Tuesday, September 25, 2012

Being OK with Being Terrified

straight lines scare me, y'all.
Cutting precise straight lines scares the heck out of me, y'all. 
Last week, I started my first quilting class. I've been meaning to try my hand at quilting for a while, but the right moment hadn't hit me yet. After being invited to teach a hand embroidery workshop at QuiltCon, I decided this was the perfect time. This fall would be the time I finally learn how to make a quilt. 

My initial fabric selection - I thought we needed five fabrics, but it turns out we only needed four. I had to change this grouping up a bit.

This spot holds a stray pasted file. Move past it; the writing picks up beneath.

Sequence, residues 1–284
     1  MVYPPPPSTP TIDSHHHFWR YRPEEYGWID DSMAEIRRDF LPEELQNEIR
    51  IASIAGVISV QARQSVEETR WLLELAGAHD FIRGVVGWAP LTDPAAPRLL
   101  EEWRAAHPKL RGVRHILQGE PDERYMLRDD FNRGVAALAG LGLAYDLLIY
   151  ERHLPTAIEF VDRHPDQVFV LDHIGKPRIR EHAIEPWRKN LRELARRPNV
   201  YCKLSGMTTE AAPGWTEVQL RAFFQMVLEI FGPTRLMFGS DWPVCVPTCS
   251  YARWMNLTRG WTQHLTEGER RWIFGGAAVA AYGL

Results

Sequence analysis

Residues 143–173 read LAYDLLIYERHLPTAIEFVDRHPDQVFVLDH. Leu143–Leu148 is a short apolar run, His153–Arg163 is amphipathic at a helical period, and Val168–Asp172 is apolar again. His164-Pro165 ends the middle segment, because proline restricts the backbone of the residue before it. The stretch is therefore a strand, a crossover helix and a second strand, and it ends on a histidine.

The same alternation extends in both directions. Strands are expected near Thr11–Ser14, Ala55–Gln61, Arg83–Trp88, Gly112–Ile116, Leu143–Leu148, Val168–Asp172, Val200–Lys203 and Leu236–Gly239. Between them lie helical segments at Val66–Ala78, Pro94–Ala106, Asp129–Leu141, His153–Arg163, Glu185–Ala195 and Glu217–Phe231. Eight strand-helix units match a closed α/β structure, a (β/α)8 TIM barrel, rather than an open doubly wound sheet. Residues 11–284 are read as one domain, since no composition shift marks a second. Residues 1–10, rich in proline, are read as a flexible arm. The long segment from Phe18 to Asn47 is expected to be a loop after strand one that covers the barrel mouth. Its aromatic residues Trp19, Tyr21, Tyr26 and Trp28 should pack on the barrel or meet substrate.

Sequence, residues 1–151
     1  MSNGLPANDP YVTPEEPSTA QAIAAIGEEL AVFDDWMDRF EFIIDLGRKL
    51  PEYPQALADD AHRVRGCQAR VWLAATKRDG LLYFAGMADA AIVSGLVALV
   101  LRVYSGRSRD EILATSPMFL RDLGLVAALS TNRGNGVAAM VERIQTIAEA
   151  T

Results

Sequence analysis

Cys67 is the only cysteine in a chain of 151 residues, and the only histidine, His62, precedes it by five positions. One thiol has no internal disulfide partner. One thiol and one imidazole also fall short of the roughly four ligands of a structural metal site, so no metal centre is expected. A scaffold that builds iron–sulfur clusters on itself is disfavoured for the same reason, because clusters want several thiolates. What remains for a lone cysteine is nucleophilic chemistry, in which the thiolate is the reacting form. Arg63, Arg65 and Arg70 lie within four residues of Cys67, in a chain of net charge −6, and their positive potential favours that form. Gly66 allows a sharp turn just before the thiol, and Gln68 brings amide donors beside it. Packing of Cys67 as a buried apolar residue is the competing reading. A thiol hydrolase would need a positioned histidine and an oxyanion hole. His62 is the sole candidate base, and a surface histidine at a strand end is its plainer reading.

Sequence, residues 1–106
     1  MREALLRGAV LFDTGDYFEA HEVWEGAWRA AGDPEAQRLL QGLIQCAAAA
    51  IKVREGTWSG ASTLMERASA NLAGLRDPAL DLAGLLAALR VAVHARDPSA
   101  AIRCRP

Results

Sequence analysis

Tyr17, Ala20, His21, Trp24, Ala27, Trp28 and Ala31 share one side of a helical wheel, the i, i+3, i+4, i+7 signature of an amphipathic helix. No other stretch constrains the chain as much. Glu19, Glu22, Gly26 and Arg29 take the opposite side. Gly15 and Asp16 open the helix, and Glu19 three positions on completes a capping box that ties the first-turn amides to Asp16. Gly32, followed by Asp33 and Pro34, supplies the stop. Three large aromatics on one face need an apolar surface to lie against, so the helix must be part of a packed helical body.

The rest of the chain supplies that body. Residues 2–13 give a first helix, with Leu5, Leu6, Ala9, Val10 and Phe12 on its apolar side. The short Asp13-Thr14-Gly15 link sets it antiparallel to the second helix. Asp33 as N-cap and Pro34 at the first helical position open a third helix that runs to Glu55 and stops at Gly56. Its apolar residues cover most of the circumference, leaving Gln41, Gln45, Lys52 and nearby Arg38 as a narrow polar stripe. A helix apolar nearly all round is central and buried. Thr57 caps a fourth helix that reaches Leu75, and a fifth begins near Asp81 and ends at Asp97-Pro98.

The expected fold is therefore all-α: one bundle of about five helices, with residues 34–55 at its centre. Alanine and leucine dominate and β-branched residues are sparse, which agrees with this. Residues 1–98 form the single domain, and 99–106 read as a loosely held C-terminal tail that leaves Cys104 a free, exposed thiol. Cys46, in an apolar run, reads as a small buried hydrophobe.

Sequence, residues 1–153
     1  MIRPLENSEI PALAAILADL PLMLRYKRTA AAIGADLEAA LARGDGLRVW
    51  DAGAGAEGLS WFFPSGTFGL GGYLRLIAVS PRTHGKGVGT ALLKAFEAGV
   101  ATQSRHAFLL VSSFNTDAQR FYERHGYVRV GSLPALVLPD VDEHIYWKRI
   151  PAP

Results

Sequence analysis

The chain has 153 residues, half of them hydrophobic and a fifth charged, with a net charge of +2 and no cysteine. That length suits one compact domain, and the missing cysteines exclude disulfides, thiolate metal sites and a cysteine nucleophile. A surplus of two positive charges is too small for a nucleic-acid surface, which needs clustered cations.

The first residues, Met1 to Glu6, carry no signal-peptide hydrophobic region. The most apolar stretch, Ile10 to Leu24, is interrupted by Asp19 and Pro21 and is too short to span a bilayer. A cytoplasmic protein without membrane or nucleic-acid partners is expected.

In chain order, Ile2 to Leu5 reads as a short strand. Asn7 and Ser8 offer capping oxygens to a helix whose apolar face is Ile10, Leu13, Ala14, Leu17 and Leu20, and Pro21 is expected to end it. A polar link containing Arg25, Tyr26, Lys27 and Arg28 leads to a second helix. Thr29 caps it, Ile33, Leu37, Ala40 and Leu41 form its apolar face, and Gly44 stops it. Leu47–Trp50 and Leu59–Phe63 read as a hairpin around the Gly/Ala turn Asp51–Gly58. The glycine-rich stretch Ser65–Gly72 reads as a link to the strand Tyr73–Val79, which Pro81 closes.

I decided to get my fabrics before the first class, and had a lot of fun browsing through bolts. Though the quilt we'll be making in class isn't my particular style (it's very traditional piecing, and I'm drawn more to the graphic modern quilts) I'm excited to be learning so many techniques, and decided I'd try using more modern-feeling fabrics in the quilt. I figured I need to be in love with the fabrics so I can spend the next eight weeks staring at them, and the next who-knows-how-many-years using the quilt.

Even as enjoyable as shopping for fabric is, though, an unanticipated feeling emerged as I picked up, swapped out and debated different fabrics: terror.

The reworked fabrics for the quilt. I actually like this grouping better!